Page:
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Our offices are freezing because men wear suits

Lia Grainger
Shine On
January 28, 2013

Have you ever put together a fabulously sleek and professional outfit for Monday morning at the office, only to take off your coat and realize that, “Hey, it’s frickin’ freezing in here!”

If you work in an office building, it’s likely that you’ve complained at one time or another about the chilly temperature. In the winter, we can whinge that whoever is managing the building is too cheap to crank the heat, but that explanation cannot be applied in the summer, when the air conditioning makes your cubicle feel like the inside of a fridge.

So why are our office buildings so frigid?

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A recent article in the New York Times suggest that, once again, science is to blame for our woes.

Good old sexist science. Apparently back in the ‘60s and ‘70s, Danish and American scientists came up with a mathematical equation to predict optimal indoor comfort levels. It is a formula, not so much a specific temperature. The so-called Fanger Comfort Equation was based on making one type of worker comfortable: a man wearing a full business suit.

The American Society of Heating, Refrigerating and Air-Conditioning Engineers adopted the Fanger Comfort Equation as their gospel in the seminal ASHRAE Standard 55, a document that defines indoor comfort, and now much of the world’s buildings are designed to keep Don Draper feeling fabulous.

While there are women out there who favour three piece suits at the office and are perfectly comfortable with the results of Fanger’s disco era mathematics, there are likely far more women (and men without suits) who wouldn’t mind rocking their favourite outfits at the office without having to bring a parka to work.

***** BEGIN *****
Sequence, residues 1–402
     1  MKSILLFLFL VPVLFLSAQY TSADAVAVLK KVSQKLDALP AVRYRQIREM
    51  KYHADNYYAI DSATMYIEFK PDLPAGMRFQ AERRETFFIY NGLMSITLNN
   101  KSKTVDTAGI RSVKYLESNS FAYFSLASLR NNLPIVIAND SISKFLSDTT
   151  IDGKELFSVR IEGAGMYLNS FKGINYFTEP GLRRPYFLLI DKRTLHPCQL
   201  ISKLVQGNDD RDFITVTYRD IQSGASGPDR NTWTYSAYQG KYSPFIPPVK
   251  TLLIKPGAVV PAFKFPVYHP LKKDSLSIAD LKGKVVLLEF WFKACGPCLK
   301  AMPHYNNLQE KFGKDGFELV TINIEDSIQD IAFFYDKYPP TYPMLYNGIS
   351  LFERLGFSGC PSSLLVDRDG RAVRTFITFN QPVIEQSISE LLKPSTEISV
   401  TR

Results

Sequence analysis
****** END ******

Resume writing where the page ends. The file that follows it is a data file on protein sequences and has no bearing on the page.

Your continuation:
The reality is today's corporate and government offices are not as dominated by men as they once were in the 60's and 70's. So why haven't we evolved with the times?

It's a question that continues to confound many, and hopefully one that will eventually be addressed as new policies replace outdated ones. Not to mention, in a time of corporate environmental responsibility, should we not reconsider our excessive use of air conditioning in the summer?

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To add insult to injury, fashion magazines happily encourage ladies to wear summery dresses and open-toed shoes to work, without considering that chilly Mr. Fanger and the Standard 55 are lurking in the boardroom and cubicle.

Susan Mazur-Stommen of the American Council for an Energy-Efficient Economy explains how these decades-old standards affect women.

“In spring, it’s socially expected that women will wear thinner blouses, skirts, open-toed shoes…but the building temperature is set for men, who are assumed to be wearing long-sleeved shirts and closed-toed shoes year-round. If everyone just dressed appropriately for the weather, we wouldn’t have to heat or cool the building as much,” she writes for TIME.

Since banning wool suits is a bit of an unrealistic solution, perhaps Mazur-Stommen’s suggestion to dress appropriately for the weather is a good one. Ladies can bundle up more in winter, and the fellas can rock their khaki shorts in the summer.

But even better would be changing the standards of building heating and cooling to account for the fact that today in Canada, women make up more than 47 per cent of the workforce.

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